Fear Of Death & The Art Of Non-attachment

Human Skull
Fear of death is entirely natural. The person with no anxieties whatsoever about death is probably delusional. Healthy non-attachment is neither repression nor denial of experience…

 

 

 

FEAR OF DEATH & THE ART OF NON-ATTACHMENT

Healthy non-attachment is neither repression nor denial of experience.

For example, I’ve never not had a sense of self, of existing as an entity same but different from other human beings. Yet I’ve also learned to examine this habitual belief in “myself”.

Normally I think of this body and mind as “my body” and “my mind”, to be used and abused as I please. In most day-to-day situations, thinking of the body and mind as “mine” (i.e. attachment) is a habit that motivates action.

But I also know “my body” as an integrated system of organs and cells and biochemical compounds, all functioning independently of “my will” and sustaining a community of countless microbial life forms. Likewise “my mind” – an integrated system of ever-changing thoughts and feelings and awarenesses, all coming and going regardless of “my will”.

I can attempt to hold body and mind together for as long as possible with a regime of exercise, meditation, diet, hygiene, and by choosing to co-operate or compete with other human beings in order to acquire sufficient water, food, shelter, clothing, medicines, etc. But however much will I exert, injury and sickness and mental impairment cannot be prevented indefinitely and “my death” will inevitably occur sooner or later.

Knowing just that much loosens any attachment to the idea of my owning a perfect body and mind and softens any arising aversion, anger, or sorrow whenever something appears to be “wrong” with “me.”

Non-attachment to the experience of living is not the same as denial or repression of thoughts and feelings, however, and the person with no anxieties whatsoever about death is probably delusional. Attitudes to death among western dwellers in particular (many who are unlikely to have seen a real dead body, or a real dying person succumbing to physical agonies and mental turmoil) often seem to me to be ill-informed and irresponsible.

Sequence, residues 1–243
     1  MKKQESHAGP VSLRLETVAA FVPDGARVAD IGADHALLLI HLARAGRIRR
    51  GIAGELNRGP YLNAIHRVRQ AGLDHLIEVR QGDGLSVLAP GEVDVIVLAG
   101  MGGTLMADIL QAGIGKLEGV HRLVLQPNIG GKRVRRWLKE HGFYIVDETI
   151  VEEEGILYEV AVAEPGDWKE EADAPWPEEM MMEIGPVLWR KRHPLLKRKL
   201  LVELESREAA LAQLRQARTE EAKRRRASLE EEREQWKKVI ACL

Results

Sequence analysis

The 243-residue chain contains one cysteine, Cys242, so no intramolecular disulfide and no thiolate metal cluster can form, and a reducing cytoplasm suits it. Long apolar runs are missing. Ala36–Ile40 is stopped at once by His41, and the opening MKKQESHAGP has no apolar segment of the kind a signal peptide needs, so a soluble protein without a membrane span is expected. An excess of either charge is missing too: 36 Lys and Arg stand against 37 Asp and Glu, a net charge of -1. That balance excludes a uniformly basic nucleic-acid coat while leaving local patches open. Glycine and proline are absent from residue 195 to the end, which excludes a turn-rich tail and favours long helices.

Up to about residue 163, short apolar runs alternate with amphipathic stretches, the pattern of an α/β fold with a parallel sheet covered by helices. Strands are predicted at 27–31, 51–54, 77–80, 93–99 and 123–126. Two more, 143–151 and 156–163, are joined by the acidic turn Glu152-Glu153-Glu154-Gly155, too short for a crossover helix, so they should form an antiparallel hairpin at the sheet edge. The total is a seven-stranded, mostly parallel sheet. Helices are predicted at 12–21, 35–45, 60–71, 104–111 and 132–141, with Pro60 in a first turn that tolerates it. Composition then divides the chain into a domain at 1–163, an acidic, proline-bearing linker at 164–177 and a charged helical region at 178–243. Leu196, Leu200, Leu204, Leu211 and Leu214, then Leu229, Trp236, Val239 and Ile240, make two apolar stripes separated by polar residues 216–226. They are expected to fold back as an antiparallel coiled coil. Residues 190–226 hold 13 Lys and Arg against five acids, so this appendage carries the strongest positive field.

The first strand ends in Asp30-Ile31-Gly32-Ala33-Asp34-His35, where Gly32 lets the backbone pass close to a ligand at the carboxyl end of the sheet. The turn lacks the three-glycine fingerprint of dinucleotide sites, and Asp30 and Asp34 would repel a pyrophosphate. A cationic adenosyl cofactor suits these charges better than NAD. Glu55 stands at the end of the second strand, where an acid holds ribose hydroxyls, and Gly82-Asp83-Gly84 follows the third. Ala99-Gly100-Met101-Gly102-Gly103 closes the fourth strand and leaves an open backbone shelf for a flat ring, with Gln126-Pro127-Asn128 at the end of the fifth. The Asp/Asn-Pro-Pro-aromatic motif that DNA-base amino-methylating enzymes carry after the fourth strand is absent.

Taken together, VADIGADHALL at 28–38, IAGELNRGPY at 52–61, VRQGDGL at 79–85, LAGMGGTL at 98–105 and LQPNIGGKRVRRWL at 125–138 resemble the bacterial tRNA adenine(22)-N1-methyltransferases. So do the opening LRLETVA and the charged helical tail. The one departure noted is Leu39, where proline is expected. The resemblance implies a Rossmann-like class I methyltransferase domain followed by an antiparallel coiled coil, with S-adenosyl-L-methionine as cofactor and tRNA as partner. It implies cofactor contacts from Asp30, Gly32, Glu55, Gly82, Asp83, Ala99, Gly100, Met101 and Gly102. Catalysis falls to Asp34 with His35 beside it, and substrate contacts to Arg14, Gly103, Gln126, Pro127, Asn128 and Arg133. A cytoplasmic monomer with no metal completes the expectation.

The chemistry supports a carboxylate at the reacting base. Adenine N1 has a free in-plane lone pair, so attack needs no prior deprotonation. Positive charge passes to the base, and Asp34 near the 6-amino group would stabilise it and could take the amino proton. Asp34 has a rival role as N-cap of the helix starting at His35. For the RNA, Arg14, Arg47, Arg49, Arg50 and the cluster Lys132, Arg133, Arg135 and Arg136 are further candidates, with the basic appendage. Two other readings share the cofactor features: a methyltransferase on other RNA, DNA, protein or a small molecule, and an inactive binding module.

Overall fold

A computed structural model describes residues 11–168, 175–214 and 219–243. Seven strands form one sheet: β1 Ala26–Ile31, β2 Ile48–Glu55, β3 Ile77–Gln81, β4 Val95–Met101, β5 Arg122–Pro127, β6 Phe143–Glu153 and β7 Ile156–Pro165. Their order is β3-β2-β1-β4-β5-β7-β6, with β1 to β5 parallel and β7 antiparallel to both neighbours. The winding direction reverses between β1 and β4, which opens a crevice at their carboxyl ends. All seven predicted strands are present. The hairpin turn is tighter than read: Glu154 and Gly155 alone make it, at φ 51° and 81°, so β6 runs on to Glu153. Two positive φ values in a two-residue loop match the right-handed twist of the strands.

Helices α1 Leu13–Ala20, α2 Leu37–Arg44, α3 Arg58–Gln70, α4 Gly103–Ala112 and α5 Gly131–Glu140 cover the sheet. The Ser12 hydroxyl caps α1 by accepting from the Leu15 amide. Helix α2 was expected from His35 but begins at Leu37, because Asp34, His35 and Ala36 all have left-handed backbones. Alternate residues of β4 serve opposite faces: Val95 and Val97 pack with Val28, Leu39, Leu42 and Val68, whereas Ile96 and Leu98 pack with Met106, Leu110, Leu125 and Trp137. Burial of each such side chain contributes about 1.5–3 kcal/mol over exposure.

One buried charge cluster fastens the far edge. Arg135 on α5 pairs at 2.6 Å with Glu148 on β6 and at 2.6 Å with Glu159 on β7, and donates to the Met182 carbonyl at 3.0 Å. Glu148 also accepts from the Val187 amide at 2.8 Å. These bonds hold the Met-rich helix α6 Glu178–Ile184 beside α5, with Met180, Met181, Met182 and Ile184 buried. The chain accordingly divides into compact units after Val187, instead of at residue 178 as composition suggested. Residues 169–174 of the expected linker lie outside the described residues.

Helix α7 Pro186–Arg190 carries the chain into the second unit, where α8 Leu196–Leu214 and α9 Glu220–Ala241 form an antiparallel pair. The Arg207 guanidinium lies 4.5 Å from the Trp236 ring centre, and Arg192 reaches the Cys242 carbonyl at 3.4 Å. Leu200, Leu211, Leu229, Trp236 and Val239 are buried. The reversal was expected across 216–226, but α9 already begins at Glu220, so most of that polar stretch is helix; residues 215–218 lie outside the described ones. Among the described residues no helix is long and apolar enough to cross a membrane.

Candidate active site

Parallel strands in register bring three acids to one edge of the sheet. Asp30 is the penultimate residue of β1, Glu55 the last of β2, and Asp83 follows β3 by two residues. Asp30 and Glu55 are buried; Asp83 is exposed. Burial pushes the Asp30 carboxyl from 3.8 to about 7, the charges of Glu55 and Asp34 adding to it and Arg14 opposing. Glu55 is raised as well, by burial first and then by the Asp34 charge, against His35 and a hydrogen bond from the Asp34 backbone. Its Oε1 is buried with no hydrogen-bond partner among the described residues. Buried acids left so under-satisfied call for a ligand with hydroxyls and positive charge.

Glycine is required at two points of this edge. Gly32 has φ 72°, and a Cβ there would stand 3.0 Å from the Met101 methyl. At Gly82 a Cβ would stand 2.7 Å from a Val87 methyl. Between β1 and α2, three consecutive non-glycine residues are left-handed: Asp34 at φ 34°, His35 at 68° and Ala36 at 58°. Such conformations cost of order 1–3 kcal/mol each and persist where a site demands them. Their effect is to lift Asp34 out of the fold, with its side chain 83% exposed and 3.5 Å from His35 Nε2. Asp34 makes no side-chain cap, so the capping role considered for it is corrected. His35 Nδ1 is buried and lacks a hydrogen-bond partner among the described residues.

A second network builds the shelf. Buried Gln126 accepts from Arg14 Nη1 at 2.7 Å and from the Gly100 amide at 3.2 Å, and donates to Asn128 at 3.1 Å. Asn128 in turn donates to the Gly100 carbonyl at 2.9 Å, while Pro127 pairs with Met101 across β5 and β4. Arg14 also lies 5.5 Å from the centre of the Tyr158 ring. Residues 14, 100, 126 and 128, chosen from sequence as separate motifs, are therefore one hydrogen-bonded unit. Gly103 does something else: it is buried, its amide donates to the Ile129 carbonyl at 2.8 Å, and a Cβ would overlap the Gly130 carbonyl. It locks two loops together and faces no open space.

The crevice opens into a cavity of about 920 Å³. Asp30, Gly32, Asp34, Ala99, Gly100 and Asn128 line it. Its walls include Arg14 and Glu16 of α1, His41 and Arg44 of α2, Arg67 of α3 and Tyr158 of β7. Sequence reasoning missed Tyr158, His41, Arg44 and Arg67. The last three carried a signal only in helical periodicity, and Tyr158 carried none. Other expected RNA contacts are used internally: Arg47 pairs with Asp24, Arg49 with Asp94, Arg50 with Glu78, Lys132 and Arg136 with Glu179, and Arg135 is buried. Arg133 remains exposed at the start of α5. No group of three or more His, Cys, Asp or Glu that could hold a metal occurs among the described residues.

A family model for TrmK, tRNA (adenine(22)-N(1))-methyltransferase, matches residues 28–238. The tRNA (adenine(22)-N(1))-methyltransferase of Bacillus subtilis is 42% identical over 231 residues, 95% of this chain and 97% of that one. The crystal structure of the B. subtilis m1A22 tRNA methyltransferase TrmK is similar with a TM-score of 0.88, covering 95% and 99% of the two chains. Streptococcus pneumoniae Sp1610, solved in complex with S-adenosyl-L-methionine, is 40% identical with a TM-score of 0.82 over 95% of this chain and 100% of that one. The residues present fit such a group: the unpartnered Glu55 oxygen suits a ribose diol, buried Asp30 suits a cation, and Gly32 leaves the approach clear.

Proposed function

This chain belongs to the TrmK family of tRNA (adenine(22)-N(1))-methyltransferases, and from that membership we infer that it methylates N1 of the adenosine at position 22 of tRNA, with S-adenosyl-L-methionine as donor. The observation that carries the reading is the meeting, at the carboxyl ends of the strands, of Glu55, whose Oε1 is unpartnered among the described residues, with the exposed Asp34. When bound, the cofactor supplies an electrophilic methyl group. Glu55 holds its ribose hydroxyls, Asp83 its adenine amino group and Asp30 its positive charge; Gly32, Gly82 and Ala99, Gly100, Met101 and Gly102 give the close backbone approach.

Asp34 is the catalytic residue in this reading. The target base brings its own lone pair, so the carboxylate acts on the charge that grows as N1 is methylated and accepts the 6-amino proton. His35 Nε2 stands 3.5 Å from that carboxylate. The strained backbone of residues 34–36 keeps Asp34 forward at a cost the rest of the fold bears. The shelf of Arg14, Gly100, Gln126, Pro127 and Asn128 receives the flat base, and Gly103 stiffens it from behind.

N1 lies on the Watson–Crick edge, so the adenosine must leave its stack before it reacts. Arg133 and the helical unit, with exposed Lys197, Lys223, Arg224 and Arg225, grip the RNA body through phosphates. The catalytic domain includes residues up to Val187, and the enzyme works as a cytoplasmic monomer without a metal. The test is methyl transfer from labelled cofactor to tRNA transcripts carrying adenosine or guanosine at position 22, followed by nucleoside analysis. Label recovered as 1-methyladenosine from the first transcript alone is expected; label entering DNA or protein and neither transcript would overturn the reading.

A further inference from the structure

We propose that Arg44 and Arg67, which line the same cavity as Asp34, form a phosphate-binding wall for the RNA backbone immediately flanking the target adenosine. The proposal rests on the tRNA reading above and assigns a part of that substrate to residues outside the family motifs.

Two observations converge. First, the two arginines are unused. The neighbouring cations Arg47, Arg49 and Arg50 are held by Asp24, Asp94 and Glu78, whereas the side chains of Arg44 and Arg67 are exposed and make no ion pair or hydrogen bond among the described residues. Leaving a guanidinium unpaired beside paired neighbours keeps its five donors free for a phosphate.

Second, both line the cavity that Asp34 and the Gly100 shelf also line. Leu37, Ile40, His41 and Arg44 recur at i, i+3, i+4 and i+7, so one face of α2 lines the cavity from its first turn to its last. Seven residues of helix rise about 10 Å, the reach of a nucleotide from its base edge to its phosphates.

One of my frequent meditations is to imagine being told I have just a few months left to live and to contemplate my feelings. How comforting is it to know that the constituents of “my body” (atoms, molecules, etc) and “my mind” (sensations, perceptions, emotions, aspirations, etc) have already been recycled (i.e. appropriated and made into a self-identity) by countless other sentient beings past and present and will continue to be recycled long after “my death” by countless future sentient beings?  What regrets would I have? How am I likely to be remembered by others when I am dead and gone?

Frequent repetition of this exercise reminds me of what still remains undone in “my life”. The anxiety of knowing that “my time” is running out spurs me on to tie up the remaining loose ends. I’m not talking about ticking off some arbitrary “bucket list” of thrills – I’m talking about paying attention to any recurring nagging thoughts and feelings, heeding the message and taking appropriate action. Doing whatever remains to be done helps soften my aversion to the inevitability of terminal decline or sudden death.

“‘I am subject to aging, have not gone beyond aging.’ …
“‘I am subject to illness, have not gone beyond illness.’ …
“‘I am subject to death, have not gone beyond death.’ …
“‘I will grow different, separate from all that is dear and appealing to me.’ …
“‘I am the owner of my actions, heir to my actions, born of my actions, related through my actions, and have my actions as my arbitrator. Whatever I do, for good or for evil, to that will I fall heir.’ …
“These are the five facts that one should reflect on often, whether one is a woman or a man, lay or ordained.”The Buddha [1]

Fear of death is entirely natural. The person with no anxieties whatsoever about death is probably delusional. Healthy non-attachment is neither repression nor denial of experience.

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Notes

[1]  ‘Upajjhatthana Sutta: Subjects for Contemplation’ (AN 5.57), translated from the Pali by Thanissaro Bhikkhu. Access to Insight (BCBS Edition), 30 November 2013.

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